Godzilla: The Series (1998–2001)

TV Series  |  TV-Y7  |   |  Animation, Action, Crime
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In this direct sequel to 1998 Godzilla movie, Dr. Nico Tatopoulos leads a team, known as H.E.A.T, to battle giant monsters with the help of Godzilla's only living offspring.

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Series cast summary:
 Dr. Nick Tatopoulos (40 episodes, 1998-2001)
 Mendel Craven / ... (40 episodes, 1998-2001)
Rino Romano ...
 Randy Hernandez (40 episodes, 1998-2001)
Charity James ...
 Elsie Chapman / ... (40 episodes, 1998-2001)
Brigitte Bako ...
 Monique DuPre (39 episodes, 1998-2001)
 N.I.G.E.L. / ... (28 episodes, 1998-2001)
 Tony Hicks / ... (20 episodes, 1998-2000)


In this direct sequel to 1998 Godzilla movie, Dr. Nico Tatopoulos leads a team, known as H.E.A.T, to battle giant monsters with the help of Godzilla's only living offspring.

Plot Summary | Add Synopsis






Release Date:

12 September 1998 (USA)  »

Also Known As:

Godzila  »

Company Credits

Show detailed on  »

Technical Specs


| (40 episodes)

Sound Mix:


Aspect Ratio:

1.33 : 1
See  »

Did You Know?


Jason Priestley was the original choice to play Dr. Nick Tatopoulos. See more »


Referenced in Cinemassacre's Monster Madness: Godzilla 1998 (2008) See more »

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User Reviews

Second review: better than the movie and other cartoon, but lacks enough 'Zilla action
31 July 2001 | by (United States) – See all my reviews

This is my second, more carefully constructed review for this series. As said, i won't cover the ground details as i did before, but offer a second opinion.

I still like this series, and I do think it's better than the movie, in that it has better, more believable characters, and Godzilla acts more like Godzilla than he did in the remake.

The main problem is that, in his own cartoon show, Godzilla is rarely seen, and often treated as a mere Deus Ex Machina!

Sure, there are some interesting monsters, and they get plenty of screen time, but most of them are just large insects, and any potential mystery about their appearance is ruined, since they usually are completely seen in the prologue before the opening credits.

And yes, the human characters are more than just cardboard cut outs, they earn our interest, and interact instead of just act towards each other. In other words, the almost exact opposite of the characters from the 70's Hanna-Barbara show (but even they had good intentions).

But, unfortunately, while the the humans and monsters are often interesting, the producers of the show forgot one thing: this is called "Godzilla: the Series", so why is it he only shows up twice an average episode?!? And when he does show up, its usually when he either makes his first appearance, gets injured, then comes back in at the end to kill the monster after the humans fail.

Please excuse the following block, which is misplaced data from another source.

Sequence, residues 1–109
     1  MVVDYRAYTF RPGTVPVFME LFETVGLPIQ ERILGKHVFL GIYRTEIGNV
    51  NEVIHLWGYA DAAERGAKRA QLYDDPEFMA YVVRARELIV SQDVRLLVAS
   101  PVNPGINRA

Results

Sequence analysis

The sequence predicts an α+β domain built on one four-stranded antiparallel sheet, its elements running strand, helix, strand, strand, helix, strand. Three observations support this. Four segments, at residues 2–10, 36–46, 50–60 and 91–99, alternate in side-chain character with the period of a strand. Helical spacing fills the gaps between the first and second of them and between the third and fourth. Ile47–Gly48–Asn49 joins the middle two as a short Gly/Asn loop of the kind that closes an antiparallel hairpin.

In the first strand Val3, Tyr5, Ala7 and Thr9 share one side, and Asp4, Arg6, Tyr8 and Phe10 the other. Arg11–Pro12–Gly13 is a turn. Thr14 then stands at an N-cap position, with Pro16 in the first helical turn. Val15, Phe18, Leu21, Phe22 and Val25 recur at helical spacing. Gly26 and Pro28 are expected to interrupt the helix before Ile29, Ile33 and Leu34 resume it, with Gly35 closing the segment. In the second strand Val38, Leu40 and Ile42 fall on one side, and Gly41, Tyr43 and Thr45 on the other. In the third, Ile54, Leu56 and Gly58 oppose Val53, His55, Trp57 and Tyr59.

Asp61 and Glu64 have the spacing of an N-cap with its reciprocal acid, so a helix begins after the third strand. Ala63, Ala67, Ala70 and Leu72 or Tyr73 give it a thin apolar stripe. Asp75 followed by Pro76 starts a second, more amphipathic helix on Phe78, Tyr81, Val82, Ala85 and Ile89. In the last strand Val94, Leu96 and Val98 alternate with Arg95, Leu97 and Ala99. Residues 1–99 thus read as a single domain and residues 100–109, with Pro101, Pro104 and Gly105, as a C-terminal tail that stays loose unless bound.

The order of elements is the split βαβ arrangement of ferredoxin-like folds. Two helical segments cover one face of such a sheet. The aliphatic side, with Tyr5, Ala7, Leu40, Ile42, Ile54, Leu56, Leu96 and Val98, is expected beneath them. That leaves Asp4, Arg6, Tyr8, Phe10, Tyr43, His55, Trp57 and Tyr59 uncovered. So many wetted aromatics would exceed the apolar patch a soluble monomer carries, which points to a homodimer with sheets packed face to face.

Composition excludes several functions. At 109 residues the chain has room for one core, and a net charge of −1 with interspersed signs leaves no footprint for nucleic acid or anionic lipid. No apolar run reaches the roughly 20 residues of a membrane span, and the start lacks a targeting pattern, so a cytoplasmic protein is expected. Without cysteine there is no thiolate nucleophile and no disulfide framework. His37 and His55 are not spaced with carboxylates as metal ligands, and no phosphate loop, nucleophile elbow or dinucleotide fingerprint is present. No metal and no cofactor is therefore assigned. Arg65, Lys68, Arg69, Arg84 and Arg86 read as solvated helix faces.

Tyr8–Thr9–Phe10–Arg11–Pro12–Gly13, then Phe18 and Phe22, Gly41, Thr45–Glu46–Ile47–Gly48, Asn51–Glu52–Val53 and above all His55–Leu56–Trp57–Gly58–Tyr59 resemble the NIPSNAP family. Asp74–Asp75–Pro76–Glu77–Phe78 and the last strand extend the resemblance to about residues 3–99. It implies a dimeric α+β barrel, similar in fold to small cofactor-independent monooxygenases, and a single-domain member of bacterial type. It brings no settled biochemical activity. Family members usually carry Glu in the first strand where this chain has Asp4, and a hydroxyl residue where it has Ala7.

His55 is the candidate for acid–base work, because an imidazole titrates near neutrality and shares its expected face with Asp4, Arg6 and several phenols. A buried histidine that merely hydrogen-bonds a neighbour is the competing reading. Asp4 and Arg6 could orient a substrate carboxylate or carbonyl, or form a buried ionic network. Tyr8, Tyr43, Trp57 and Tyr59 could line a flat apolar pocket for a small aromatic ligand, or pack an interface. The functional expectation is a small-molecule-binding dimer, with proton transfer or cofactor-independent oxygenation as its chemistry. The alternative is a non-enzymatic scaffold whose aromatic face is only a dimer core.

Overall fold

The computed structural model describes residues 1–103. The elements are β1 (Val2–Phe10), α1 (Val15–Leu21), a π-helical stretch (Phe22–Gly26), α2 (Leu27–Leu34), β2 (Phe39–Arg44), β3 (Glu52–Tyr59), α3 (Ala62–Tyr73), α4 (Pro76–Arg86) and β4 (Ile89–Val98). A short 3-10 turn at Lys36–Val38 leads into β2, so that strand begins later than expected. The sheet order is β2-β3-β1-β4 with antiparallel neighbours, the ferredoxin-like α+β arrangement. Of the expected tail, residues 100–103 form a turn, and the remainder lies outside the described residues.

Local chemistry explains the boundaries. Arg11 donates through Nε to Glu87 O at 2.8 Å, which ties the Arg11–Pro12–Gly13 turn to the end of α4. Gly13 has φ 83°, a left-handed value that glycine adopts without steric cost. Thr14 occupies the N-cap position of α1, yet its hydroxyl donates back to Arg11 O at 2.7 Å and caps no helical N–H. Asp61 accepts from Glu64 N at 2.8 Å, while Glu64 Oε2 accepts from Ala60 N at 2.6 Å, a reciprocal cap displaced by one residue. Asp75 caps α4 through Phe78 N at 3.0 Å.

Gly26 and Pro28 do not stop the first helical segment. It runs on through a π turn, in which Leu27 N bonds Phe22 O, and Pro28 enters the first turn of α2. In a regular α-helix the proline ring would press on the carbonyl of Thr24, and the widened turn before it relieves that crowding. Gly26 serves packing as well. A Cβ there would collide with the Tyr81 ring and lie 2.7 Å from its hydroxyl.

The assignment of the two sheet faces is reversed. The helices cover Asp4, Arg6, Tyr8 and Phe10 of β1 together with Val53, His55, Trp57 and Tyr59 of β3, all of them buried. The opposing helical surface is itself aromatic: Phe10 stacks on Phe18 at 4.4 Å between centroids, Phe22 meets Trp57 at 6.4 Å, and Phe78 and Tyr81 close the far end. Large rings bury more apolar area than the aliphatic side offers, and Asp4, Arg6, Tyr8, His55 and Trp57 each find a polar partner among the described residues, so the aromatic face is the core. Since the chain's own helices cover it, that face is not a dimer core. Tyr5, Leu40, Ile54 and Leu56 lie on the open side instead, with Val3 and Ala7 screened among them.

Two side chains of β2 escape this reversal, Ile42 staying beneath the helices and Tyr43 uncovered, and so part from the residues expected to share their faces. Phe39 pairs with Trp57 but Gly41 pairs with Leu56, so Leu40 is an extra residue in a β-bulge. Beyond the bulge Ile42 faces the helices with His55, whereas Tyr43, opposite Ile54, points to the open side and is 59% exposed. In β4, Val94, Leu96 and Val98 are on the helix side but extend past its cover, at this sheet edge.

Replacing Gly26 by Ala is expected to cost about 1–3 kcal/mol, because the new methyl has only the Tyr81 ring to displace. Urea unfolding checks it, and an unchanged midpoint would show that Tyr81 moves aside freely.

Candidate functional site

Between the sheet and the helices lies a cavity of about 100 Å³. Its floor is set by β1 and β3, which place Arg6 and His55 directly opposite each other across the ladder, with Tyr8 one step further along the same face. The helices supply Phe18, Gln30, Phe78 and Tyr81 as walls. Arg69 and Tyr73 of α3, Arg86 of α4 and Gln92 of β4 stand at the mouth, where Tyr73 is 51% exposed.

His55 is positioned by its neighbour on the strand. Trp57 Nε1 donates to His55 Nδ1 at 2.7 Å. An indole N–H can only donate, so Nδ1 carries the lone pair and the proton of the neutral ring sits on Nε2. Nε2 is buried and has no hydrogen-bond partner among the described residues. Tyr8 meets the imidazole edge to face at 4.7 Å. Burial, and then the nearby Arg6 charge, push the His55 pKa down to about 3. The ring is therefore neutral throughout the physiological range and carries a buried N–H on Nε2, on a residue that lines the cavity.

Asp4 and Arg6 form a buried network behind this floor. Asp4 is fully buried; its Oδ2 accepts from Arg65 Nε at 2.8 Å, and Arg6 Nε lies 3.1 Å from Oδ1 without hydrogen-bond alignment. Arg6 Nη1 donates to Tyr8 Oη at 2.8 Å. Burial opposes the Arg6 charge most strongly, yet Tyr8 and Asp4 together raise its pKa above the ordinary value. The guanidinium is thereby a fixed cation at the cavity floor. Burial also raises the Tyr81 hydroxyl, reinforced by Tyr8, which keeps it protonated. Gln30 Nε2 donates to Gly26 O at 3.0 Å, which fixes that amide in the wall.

While the humans don't fail always, whatever plan they do have requires Godzilla uses him as a plot device, and without it, he probably wouldn't have shown up in the episode at all!

Its like in most of the Gamera (re: flying-turtle Godzilla knock-off) movies: Cool evil monster comes in, humans stare at it, Gamera comes in, get wounded, retreats, humans attempt to kill cool evil monster, fail, then either Gamera comes back and kills it himself or becomes integral to the human's attempts to kill it. (also, for fun, add in tiny short wearing children who are "friends of Gamera")

Basically, take this formula, replace the boring Japanese people with the interesting cartoon characters, take out the tiny-short wearing kids and put in NIck Tatopolous, and (this is the worst part) replace Gamera with Godzilla, and you have generally every episode of the series, though not as lame as the older gamera movies, but not as good as the recent ones.

also note: While Godzilla and Nick in the show have a relationship somewhat like Gamera had with whatever small kid he was saving, Godzilla is not under Nick's control. And while Godzilla does often protect Nick, it is often not his main reason for being in the story. Also, while Gamera mostly followed the kids, Godzilla and Nick often follow each other to wherever the story takes them.

However, the episodes where Godzilla is the center of attention are absolutely excellent! The episode where Godzilla is cloned, where he is being mind controlled, where Nick and Monique go inside him to stop a virus, are all great shows.

Especially great is the one where Godzilla meets up with another monster like him, and becomes a surrogate mate. That episode takes everything good about the series (character development and interaction, monster fights, and drama), and rolls it into a perfect episode. Heck, they even have a giant mutant turtle in that one! An obvious nod to Gamera, and a monster fight Kaiju fans would kill to see.

Overall, "Godzilla: the series" is good, a great improvement on the movie, and its worth seeing every episode, but it could have been great if only Godzilla himself were in it more.

9 of 11 people found this review helpful.  Was this review helpful to you?

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